"Power spots" are places that many people visit in search of better fortune and healing. Shikoku has long been a place for ascetic practices through the Shikoku Henro pilgrimage, and is also full of nature. It has many magical spots. Here are five destinations that are particularly popular.
1. Kannon-ji, Mt. Shippo
Shikoku Henro is a pilgrimage around 88 temples associated with the Buddhist monk, Kobo Daishi (Kukai), who founded the Shingon Sect of Buddhism. From ancient times, people have made this pilgrimage as a part of their training or to pray for better fortune. This temple in the western part of Kagawa is the 69th site of the pilgrimage. The main hall, referred to as the Kondo (Golden Hall), was reconstructed in 1525 and is designated an Important Cultural Property by the Japanese government. The 68th site, Jinne-in, is on the same grounds. In Kotohiki Park near the temple, there is a huge Zenigata suna-e (coin-shaped sand drawing) of a copper coin from the Edo period (1603-1868). This is considered to be a power spot that will improve financial prospects, so be sure to stop by.
This is a gorge in western Tokushima. The gorge that was created by erosion of crystalline schist has an amazing appearance as if consisting of tall, sharp marble statues. There are activities. such as rafting and boating, that peak in the summertime, so you can feel the power of the great nature through your entire body. In addition, there are many ghost stories that have been handed down in Yamashiro-cho, where the gorge is. There is a statue of Konaki Jijii, famous from the comic series, GeGeGe no Kitaro, as well as a haunted house with exhibits of local ghosts, so once you've had your fill of nature, go take a look at the spots related to ghost stories.
3. Giant Rocks of Mt. Tateishi
Mt. Tateishi on Ikina Island, which is located in the middle of numerous islands of various sizes in the Seto Inland Sea, has a group of ancient giant rocks. The giant rocks around the summit, which are arranged as if lying on top of each other, is said to have been the stage of ancient religious rituals. The rocks are veiled in the mystery of the ancients as it is still not known who brought them together or why, so it has a dramatic atmosphere. At the foot of the mountain, there is a Japanese garden called Sanshu-en with a giant rock that is approximately 7m high and 20m in circumference. This rock is thought to be from the Yayoi period (about 300 BC to 200 AD).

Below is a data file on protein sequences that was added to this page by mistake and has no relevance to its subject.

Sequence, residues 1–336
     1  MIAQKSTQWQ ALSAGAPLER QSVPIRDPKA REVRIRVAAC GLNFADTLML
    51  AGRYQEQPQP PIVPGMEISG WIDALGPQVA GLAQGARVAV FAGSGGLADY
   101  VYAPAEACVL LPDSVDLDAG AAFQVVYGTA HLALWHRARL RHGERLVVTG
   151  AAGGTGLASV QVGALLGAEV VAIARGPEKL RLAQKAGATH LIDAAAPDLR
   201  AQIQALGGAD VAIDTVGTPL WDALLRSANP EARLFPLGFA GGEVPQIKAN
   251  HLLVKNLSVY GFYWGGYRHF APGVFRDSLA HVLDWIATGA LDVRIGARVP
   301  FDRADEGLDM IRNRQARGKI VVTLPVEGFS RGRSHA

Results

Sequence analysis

4. Tojin Spoiled Field Ruins
Cape Ashizuri in Kochi is known to be the southernmost cape of Shikoku. This is an archaeological site nearby with many large stones that are 6m to 7m high considered to be one of the world's largest stone circles. It presents a strange landscape that does not seem to be man-made. It is still not clear what this site was used for, even though many stone implements and potsherds have been uncovered that are known to have been used from the Jomon period (about 14 thousand years ago to 300 BC) to the Yayoi period.
5. Zentsuji Temple
This is the 75th site on the Shikoku Henro pilgrimage. It is the birthplace of Kobo Daishi, the head temple of the Shingonshu Zentsuji sect and one of the three holy sites linked to Kobo Daishi. The 45,000-square-meter grounds is divided into the Eastern temple, called the Garan, and the Western temple, called the Tanjo-in, and has many attractions including the 45m-high five-story pagoda made entirely of Japanese zelkova. At this temple, you can participate in Shakyo classes where you learn to copy sutras, as well as in classes to learn how to draw Buddhist pictures, and also stay overnight, so why not register if you are interested in learning about Buddhism?
There are many more "power spots" in Shikoku, including those that are famous for the Shikoku Henro pilgrimage. When traveling in Shikoku, please consider visiting some of these.
*Please note that the information in this article is from the time of writing or publication and may differ from the latest information.
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